Faulty equipment and Indonesian carrier Lion Air's own safety failures had pilots fighting for control of their Boeing 737 MAX 8 as it plunged into the Java Sea on Oct. 28, killing all 189 people aboard, investigators said Wednesday.
On Nov. 1, 2018, members of the National Transportation Safety Committee lift a box containing the flight data recorder from a crashed Lion Air jet onboard a rescue ship anchored in the waters of Tanjung Karawang, Indonesia. (Photo: AP)
Briefing reporters on the aircraft's black box data, the investigators said they were still struggling to understand why the plane crashed but they cited multiple factors centered on faulty sensors and an automatic safety system that repeatedly forced the plane's nose down despite the pilots' efforts to correct the problem.
The pilots simply may have been overwhelmed, said one of the crash investigators, Ony Suryo Wibowo.
"The problem is if multiple malfunctions occur all at once, which one should be prioritized?" Wibowo said.
The lack of the aircraft's cockpit voice recorder, which is still missing, is a dire obstacle to resolving that mystery, the investigators said.
The report by Indonesia's National Transportation Safety Commission repeats earlier recommendations made just after the disaster that pilots be better versed in emergency procedures and aware of past aircraft problems.
Shortly after the catastrophe, Lion Air issued a notice to pilots urging them to be more proactive in reporting problems.
Nurcahyo Utomo, an investigator for Indonesia's National Transportation Safety Commission, told reporters in Jakarta on Wednesday that four of the crashed aircraft's previous flights had experienced technical problems, with two showing no such difficulties.
He said investigators were trying to understand what maintenance workers had done to try to fix the problems and if there were other steps that should have been taken.
The MAX aircraft that crashed is the latest version of Boeing's popular 737 jetliner. Its new automated system pushes the nose down if a sensor detects that the nose is pointed so high that the plane could go into an aerodynamic stall.
The sensor, called an angle-of-attack vane, or AOA, malfunctioned in earlier flights.
Pilots who flew the aircraft from Bali to Jakarta a day before the crash told investigators that the anti-stall system engaged due to erroneous airspeed and altitude indicators, but the flight crew managed to adjust the plane's pitch manually by shutting the automated system off. That enabled them to restore control and land safely.
Utomo said it was unclear why the pilots on the flight from Jakarta to a regional airport the next day were unable to do the same.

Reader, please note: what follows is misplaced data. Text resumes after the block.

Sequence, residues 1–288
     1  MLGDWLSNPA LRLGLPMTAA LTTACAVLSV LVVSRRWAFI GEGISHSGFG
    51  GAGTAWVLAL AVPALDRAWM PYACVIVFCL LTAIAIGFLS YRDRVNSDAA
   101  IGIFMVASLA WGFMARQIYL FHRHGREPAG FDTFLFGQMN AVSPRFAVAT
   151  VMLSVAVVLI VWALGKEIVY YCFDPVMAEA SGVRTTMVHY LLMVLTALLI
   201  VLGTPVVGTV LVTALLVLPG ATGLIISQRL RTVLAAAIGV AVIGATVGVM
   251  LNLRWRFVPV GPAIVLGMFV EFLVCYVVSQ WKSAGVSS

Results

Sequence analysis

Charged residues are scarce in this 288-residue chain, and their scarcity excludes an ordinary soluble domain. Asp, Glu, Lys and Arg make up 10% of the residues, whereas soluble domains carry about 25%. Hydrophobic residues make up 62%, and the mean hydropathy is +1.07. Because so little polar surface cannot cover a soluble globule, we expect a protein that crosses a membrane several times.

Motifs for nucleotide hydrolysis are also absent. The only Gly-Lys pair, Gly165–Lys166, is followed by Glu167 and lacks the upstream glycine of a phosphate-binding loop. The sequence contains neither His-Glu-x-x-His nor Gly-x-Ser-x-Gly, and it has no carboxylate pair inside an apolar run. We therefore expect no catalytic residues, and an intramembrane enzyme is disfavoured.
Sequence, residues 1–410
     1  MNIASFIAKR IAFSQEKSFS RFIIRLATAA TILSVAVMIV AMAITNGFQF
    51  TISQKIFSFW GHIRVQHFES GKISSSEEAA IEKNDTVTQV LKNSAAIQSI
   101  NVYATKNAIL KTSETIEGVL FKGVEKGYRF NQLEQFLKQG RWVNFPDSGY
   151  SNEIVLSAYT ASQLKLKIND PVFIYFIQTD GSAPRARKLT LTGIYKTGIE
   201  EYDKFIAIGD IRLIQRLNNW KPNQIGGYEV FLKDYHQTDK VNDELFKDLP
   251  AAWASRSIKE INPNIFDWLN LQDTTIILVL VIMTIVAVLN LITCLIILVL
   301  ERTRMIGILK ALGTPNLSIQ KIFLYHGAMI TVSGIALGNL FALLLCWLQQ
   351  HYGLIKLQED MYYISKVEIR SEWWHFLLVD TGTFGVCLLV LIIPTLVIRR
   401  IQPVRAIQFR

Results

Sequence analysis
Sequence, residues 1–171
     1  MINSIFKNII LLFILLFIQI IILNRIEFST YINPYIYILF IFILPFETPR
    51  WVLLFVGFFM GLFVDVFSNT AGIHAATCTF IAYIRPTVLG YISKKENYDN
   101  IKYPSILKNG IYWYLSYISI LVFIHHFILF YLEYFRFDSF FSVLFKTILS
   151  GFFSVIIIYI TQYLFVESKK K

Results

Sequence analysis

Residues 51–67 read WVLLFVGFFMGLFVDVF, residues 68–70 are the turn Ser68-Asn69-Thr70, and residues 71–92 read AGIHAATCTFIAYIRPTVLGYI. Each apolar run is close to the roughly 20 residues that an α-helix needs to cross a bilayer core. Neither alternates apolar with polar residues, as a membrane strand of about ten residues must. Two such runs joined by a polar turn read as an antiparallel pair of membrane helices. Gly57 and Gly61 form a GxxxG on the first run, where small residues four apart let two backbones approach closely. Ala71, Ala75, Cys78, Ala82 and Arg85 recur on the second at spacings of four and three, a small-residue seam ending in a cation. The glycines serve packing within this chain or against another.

"Even if the pilot did not have time to meet with the engineer, he should be able to know what the problems experienced by the aircraft before," he said.
"We need to find out what happened and why the pilots took different actions. That why we really want to have the cockpit voice recorder."
In a statement following the release of the report, Boeing played up the possibility of pilot error.
"As our customers and their passengers continue to fly the 737 MAX to hundreds of destinations around the world every day, they have our assurance that the 737 MAX is as safe as any airplane that has ever flown the skies," it said.
The aircraft manufacturer noted that the investigators' report cited actions by the flight crew that led to the crash. It also pointed to maintenance work and procedures that had failed to fix the aircraft's repeated problems.
Peter Lemme, an expert in aviation and satellite communications and a former Boeing engineer who wrote an analysis of the data on his blog, likened the problems to "a deadly game of tag" in which the plane pointed down, the pilots countered by manually aiming the nose higher, only for the sequence to repeat about five seconds later.
That happened 26 times during the 11-minute flight, but pilots failed to recognize what was happening and follow the known procedure for countering incorrect activation of the automated safety system, Lemme told The Associated Press.
Lemme said he was troubled that there weren't easy checks to see if sensor information was correct, that the crew of the fatal flight apparently wasn't warned about the problems on previous flights and that the Lion Air jet wasn't fully repaired after those flights.
"Had they fixed the airplane, we would not have had the accident," he said. "Every accident is a combination of events, so there is disappointment all around here," he said.
The Indonesian investigation is continuing with help from US regulators and Boeing.
More than 200 MAX jets have been delivered to airlines around the world. Pilots at American Airlines and Southwest Airlines complained this month that they had not been given all information about the new automated anti-stall safety system on the MAX.